A few days ago I was wandering about the garden, and noticed that the flower buds on ‘Jane’ magnolia (Magnolia x ‘Jane’, on Monday and further below, Wednesday) were beginning to break, but that the buds on ‘Dr. Merrill’ and ‘Royal Star’ were still closed. ‘Jane’ usually flowers later than the others, but it is planted just off the driveway and with more heat and sunnier days in March the reflected heat has forced it into bloom a little earlier. At the time I suspected that the other early spring blooming magnolias would not flower for at least a week, but after three days with temperatures in the mid-seventies they are beginning to pop.
It’s not unusual for the magnolias to flower in early March, nor is it uncommon for the blooms to be injured by frost and freezes that occur with regularity through the month, and even into early April. With the recent warm days, and more forecast over the next two weeks, it’s unlikely that the flowers will be injured by cold, though they will probably fade a bit more quickly in the heat.
‘Jane’ is the most dependable of the spring blooming magnolias in my garden, and it will often flower sporadically through the summer into early autumn. In most years it flowers two weeks later than the other magnolias, and the blooms have more substance so that it is more tolerant of cold. I read varying reports on the eventual size of ‘Jane’, with most sources saying ten feet tall and wide, but in my garden it’s pushed a few feet taller and several wider so that it is now crammed into a space between a dwarf peach and a Goldenrain tree. The arching, wide spreading branches often require pruning to keep the driveway clear, but ‘Jane’ is a wonderful tree where there is adequate space.
The spring flowering magnolias tend to be shrub like rather than single trunk trees, so an established tree occupies a considerable space with low slung branches that prohibit walking under the tree. Beneath ‘Jane’ I’ve planted drifts of ‘February Gold’ daffodils that usually fade by the time the purple-pink flowers arrive, but not this year, so in a few days I expect quite a clash of colors. Oh well, plans in the garden rarely work exactly as expected, and often the accidents work out splendidly. We’ll see.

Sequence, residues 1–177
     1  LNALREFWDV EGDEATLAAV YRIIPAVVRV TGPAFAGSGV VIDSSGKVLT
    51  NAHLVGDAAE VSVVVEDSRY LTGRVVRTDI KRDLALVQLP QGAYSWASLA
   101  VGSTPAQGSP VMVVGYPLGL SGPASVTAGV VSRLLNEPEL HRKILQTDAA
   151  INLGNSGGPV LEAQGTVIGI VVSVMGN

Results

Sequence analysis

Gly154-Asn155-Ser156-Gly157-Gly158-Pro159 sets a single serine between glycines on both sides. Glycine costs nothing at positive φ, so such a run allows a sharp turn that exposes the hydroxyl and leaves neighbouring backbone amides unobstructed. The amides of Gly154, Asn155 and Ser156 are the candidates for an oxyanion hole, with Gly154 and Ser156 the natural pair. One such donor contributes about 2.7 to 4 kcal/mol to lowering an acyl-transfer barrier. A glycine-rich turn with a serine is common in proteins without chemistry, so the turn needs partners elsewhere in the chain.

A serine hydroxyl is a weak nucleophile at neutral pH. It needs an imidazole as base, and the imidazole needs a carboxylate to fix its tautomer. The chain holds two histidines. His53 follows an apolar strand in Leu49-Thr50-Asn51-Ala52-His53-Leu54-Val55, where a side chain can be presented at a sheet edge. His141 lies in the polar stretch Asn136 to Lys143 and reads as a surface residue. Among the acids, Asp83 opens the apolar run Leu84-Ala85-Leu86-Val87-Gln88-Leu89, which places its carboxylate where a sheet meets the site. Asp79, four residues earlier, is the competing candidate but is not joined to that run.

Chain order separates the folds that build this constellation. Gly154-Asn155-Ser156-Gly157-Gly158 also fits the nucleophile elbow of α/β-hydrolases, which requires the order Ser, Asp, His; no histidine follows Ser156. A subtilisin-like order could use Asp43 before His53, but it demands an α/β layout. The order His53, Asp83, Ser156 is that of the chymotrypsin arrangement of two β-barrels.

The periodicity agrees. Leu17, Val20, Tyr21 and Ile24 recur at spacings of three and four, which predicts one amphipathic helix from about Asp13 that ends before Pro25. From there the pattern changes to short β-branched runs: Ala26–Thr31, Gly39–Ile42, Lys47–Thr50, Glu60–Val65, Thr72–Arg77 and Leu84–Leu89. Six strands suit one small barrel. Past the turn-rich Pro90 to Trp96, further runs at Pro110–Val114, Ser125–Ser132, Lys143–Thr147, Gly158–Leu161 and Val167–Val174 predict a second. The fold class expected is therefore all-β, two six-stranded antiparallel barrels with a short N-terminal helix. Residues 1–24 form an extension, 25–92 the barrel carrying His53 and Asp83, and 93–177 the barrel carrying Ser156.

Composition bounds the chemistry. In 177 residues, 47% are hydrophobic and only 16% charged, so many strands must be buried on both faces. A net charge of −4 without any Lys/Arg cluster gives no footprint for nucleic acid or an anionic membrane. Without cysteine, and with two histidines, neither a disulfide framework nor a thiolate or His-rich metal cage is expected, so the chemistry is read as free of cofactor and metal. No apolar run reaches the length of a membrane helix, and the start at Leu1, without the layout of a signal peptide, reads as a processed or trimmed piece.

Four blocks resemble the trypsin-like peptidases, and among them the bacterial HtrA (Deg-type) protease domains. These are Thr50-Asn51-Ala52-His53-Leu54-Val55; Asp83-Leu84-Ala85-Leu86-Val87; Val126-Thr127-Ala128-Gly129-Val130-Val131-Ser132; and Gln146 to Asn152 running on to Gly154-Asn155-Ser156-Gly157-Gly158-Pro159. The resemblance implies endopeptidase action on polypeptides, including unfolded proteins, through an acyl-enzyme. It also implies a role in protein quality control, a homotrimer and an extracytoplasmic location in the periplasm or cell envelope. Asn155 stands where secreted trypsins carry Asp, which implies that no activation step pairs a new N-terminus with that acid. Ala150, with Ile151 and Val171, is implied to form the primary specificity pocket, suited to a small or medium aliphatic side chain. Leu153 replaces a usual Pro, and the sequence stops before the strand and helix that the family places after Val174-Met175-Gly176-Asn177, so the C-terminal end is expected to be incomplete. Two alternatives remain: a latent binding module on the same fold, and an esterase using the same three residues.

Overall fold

‘Royal Star’ (Magnolia stellata ‘Royal Star’ above) is more shrub than tree-like, and its growth is slower and more compact than ‘Jane’ (though references state otherwise). Its flowers are more delicate and susceptible to frost injury, and in some years it will flower in late February, though it has never done so in my cold natured garden.
I consider the flowers of ‘Royal Star’ to be superior to ‘Jane’, though for no particular reason. Otherwise, I prefer the larger size and more vigorous habit of ‘Jane’. There are years when ‘Royal Star’ flowers early in March when frost turns the blooms to brown mush after only a few days, but even then the early color is welcomed.
‘Dr. Merrill’ magnolia (Magnolia x loebneri ‘Dr. Merrill’ or sometimes ‘Merrill’, above) often flowers in my garden just before ‘Royal Star’, though the blooms are more resistant to cold damage. It is a multi-trunked tree, but its form is much more upright and taller than the other early flowering magnolias. ‘Dr. Merrill’s’ flowers are similar, but slightly broader than the star magnolia’s, and with ascending rather than more horizontal branching the flowers are often far up into the tree. For whatever reason, ‘Dr. Merrill’ has not gained popularity and is rarely found in garden centers, but I find it to be quite satisfactory.
After a few more weeks the pale yellow ‘Elizabeth’ (Magnolia acuminata ‘Elizabeth’) will bloom, and of course as soon as it does you’ll see it. Its growth is similar to ‘Dr. Merrill’, but the later bloom time rarely results in damage to flowers. I’ve seen the similar ‘Yellow Bird’ and prefer its brighter yellow, but I haven’t space for another magnolia so I’ll have to admire it in other gardens.